Any of you energetic enough or insomniac enough to stay up until after midnight might have already latched onto The Late Late Show on CBS, hosted for more than a year now by the Scottish comedian Craig Ferguson, who seems more at ease in front of a camera than just about any of his competitors.
On a recent show, in a Scottish accent that would be funny even without punchlines, he began a typically tossed-off monologue by saying, "Relax! Take your girdle off. Rub yourself with cocoa butter. It takes care of the stretch marks."
On that same show, he pretended to write a letter to David Letterman about Tom Cruise, who had just appeared on Letterman's show. "What's he going to tell his children," Ferguson asked, "when they grow up and start jumping on the furniture?"
But for all his hilarity, Ferguson is actually a closet philosopher, a book-toting intellectual, which might surprise some people who remember him only as the boisterous, cocaine-sniffing boss on The Drew Carey Show, where he excelled in dead-on impressions of Sean Connery and Michael Caine.
The concept of the comic-philosopher is not new, of course. Lenny Bruce was one, although he would never have said so, and Richard Pryor, despite his pyrotechnics and profanities, was cerebral above all else. Even the Monty Python guys reveled in metaphysics, often while wearing frumpy dresses.
But Ferguson goes deep into the ether of the subconscious in his first novel, Between the Bridge and the River, a Jungian jaunt through evangelical extremism, terminal illness, fleeting love and Hollywood excess.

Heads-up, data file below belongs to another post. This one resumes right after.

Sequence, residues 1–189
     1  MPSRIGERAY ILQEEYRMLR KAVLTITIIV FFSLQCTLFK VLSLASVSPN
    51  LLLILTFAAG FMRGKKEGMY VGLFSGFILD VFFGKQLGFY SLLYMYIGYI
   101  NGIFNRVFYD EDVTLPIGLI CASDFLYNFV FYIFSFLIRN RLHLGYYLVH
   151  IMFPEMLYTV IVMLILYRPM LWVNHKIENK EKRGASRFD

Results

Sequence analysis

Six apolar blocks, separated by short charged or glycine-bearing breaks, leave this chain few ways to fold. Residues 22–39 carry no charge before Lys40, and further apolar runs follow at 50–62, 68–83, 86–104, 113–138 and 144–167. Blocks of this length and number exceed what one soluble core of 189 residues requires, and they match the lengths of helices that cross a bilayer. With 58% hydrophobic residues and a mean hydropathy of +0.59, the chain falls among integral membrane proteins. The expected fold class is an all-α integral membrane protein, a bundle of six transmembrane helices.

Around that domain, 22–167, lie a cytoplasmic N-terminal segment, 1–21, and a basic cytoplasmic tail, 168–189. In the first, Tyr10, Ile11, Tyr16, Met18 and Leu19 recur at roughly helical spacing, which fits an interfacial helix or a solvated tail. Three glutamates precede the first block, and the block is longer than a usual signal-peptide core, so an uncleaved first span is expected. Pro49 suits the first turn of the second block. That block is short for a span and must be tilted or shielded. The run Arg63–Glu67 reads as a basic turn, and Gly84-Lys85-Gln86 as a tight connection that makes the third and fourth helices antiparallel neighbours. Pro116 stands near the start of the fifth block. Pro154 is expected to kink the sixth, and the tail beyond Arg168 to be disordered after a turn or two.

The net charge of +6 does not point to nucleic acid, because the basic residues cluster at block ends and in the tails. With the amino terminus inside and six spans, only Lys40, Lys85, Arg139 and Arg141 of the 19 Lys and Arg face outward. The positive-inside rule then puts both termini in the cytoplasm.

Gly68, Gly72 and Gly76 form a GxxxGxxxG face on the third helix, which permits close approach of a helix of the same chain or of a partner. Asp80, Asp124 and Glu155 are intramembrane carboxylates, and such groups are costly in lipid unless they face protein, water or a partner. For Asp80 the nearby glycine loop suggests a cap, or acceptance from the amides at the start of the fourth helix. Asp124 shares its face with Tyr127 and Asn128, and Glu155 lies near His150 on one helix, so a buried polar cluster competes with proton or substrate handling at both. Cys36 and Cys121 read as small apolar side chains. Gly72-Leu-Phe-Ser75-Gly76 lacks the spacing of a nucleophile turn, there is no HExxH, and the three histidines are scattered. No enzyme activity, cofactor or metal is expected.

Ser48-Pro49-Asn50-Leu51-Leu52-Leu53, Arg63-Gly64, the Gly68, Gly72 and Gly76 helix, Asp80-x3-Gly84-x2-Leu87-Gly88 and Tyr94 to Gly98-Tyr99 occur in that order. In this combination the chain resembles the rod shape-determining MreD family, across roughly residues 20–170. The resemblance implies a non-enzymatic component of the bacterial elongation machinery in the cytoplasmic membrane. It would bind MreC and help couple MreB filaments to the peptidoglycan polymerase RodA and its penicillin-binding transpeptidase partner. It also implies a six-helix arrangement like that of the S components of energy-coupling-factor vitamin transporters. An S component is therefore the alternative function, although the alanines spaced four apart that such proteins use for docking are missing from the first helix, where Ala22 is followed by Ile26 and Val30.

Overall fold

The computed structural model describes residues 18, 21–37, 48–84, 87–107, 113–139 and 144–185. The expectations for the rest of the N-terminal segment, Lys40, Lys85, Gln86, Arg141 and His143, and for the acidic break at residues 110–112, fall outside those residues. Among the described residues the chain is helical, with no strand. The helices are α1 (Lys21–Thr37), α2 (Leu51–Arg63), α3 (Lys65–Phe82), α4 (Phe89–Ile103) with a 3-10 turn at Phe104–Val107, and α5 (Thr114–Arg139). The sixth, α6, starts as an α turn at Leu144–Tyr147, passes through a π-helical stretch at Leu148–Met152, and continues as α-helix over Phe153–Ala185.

Ferguson's book is revelatory about its author in ways that perhaps not even he intended. And yet, in an interview the other day, the 43-year-old Scot was careful to point out that he abhors philosophical pontificators.
"I have a great resistance to pseudointellectualism, and by that I mean judgemental academia," he said. "The challenge is not to be unhappy. Open a newspaper if you want to be unhappy. The challenge is to be happy, help others, do the right thing. Now there's a challenge."
Ferguson said he is intrigued with how the universe works and what his place in it is and, as such, reads voraciously. Over the years, since clearing his head of numbing distractions like alcohol and drugs, Ferguson delved into some heavy reading, icluding Kafka, Sartre, Camus, and Dostoevsky.
"One of the first things that really liberated me was reading Descartes' Discourse on Method," he said, referring to the seminal work by Ren-- Descartes, who some consider a founder of modern philosophy. "That suddenly freed me up to be a dilettante. He decided, 'I'm going to live my life as a philosophical experiment.' I said, 'Fine, I'm with you. Me and you, Ren--, we'll figure it out together.'"
On a lighter note, Ferguson, who moved to Los Angeles a mere 11 years ago, gleefully goes after Hollywood phonies in his book, but doesn't worry about the possible consequences.
"To hurt someone's feelings in Hollywood you'd have to find someone with feelings, and then hurt them," he said. "Hollywood is big enough and ugly enough to take a few hits from me, and it needs it. My job as a late night talk-show host, as a comedian, as a writer, is to be an iconoclast. Therefore I don't go after the little guy. The little guy gets beaten up all the time. I go after the icons. That's my job."
It's a relief to know that in the bowels of commercial television land of mindless celebrity sightings, grasping game shows and corporate firings by the blow-dried Donald Trump someone is doing some real thinking.
This is Nick Madigan of the Baltimore Sun, Minding the Media on KCRW.